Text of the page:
3 Sep 2014

Asilo - Comunión [Full length] (2014, Self-released)


Turmoil breeds frustration and anger, which in turn breeds outlets for that frustration. South America has had a rich history dating back to the early 80s of metal bands expressing their anger through their music and lyrics, and like those legendary and trendsetting bands from the days of yore, the four-man group Asilo from Argentina presents a lyrical universe revolving around themes such as politics and the suffering it can bring, set to a soundtrack of furious and often dangerously calm mix of doom-laden drones drenched in grimey sludge.

Pure aggression is one of the mainstays of Asilo's music, of that there can be no doubt. In a hardcoresque style, lead singer Manuel Platino practically screams his lungs out to the sounds of harshly distorted bass and thunderous percussion. Comunión's structure as an album is also one of the strengths that underline the band's style. The way it fluctuates between insane cacophonies and inky pools of fragile pianos - or even saxophone at one point - is what makes listening to Comunión as an album interesting.

However, aggression necessitates some kind of structure and form. Were it not for the disciplined interludes of classical piano set regularly throughout the album to provide some sort of contrast, Comunión would appear to be a harsh collection of discord. There are a multitude of examples of bands that do this unhinged, rambling musical lunacy all too well, but Asilo lack the intensity and groove that those bands utilize.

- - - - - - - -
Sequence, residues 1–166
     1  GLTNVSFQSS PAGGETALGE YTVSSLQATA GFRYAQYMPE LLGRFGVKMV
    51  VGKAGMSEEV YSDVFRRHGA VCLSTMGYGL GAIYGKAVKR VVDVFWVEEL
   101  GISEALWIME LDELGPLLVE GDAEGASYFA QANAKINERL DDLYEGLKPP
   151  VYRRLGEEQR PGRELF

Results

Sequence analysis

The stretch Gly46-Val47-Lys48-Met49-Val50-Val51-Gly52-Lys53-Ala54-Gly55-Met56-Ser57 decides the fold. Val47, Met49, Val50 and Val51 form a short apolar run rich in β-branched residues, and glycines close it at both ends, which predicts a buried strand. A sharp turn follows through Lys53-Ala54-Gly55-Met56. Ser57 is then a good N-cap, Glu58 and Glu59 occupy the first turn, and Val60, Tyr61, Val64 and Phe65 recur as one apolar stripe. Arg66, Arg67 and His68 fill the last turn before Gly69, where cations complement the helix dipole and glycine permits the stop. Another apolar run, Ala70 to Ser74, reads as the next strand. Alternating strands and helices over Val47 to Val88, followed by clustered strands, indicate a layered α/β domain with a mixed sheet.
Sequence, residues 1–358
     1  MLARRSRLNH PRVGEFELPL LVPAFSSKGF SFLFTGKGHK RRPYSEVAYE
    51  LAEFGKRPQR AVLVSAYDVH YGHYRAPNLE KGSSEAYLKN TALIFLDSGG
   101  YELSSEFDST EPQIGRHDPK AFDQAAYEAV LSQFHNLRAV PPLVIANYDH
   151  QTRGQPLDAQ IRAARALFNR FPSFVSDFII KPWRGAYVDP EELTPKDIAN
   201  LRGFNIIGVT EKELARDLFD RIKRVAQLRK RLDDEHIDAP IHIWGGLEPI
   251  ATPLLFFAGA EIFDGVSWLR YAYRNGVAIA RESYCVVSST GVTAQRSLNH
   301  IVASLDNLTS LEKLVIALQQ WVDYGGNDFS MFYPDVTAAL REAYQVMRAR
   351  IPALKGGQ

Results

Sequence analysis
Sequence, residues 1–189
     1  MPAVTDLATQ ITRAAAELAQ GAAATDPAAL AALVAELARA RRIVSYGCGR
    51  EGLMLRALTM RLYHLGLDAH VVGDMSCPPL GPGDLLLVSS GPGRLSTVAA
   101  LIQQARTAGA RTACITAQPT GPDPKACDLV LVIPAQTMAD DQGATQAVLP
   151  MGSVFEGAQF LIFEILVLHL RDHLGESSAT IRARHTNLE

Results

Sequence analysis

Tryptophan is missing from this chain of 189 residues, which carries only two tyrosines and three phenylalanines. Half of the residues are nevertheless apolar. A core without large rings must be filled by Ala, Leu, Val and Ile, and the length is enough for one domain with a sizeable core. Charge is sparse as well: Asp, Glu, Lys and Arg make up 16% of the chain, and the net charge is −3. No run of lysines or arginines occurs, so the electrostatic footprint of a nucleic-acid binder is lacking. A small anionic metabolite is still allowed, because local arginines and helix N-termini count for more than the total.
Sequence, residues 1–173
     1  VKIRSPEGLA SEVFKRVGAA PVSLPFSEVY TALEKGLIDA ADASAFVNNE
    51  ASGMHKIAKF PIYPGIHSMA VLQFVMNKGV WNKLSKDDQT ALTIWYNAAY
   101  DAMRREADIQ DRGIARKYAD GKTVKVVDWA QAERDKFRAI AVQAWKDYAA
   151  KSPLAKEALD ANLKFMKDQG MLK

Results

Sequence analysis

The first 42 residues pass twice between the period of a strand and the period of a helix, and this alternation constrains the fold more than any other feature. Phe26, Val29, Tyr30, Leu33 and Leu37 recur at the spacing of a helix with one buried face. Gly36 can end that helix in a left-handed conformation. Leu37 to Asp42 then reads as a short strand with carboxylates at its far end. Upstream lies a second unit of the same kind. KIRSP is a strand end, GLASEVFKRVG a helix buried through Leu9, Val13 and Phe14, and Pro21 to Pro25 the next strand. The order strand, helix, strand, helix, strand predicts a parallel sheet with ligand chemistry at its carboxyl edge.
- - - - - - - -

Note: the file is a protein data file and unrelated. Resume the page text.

The vocals, though wholy authentic and honest, come off as a bit too immusical to me. In grindcore, the gratingly raw vocals are an essential part of the whole expression, complete with that intense wall of distortion. But in Asilo, the vocals take up a lot of space in the mix, and needlessly so. Coupled with that is a lifeless overall sound which so lacks that concentrated emission of sound. This isn't the first time I've had the (dis)pleasure of listening to guitarless music, using instead a fairly driven bass. But to be succesful in that endeavour, you better make damn sure the bass has drive and punch enough to take the guitar's place.

The main highpoint of Comunión was, to me, Miedo y Curiosidad from the latter part of the album. This track feels somewhat out of place, although not entirely. It features the same harshness as the rest of the album, but is graciously garnished with the haunting sounds of a well-played saxophone, adding a thick atmosphere of eerieness that the rest of the album sorely needs. Elaborating on what I mentioned earlier, Asilo's first actual album since their spawning in 2010 is an honest affair where they stay true to their own values - Something that many bands could learn a thing or two from. But that particular style does nothing to me, other than fill me with a wish of listening to something else. The saxophone melodies in Miedo y Curiosidad committed that last shred of reason to the insanity that made it a more easily digestible portion, but the rest of the album remains a bothersome clutter of confusion. 4/10 guitars.





Tracklist:
1. Geografías
2. Pichiciega Fe
3. (epidemia mundial del desencanto)
4. La Paciencia del Cuchillo
5. Arquitectura del Silencio
6. (anti voz)
7. Dinámica del Cambio
8. Mideo y Curiosidad
9. (no a la vida)
10. La Ultima Voluntad

The music of ASILO is available on Bandcamp
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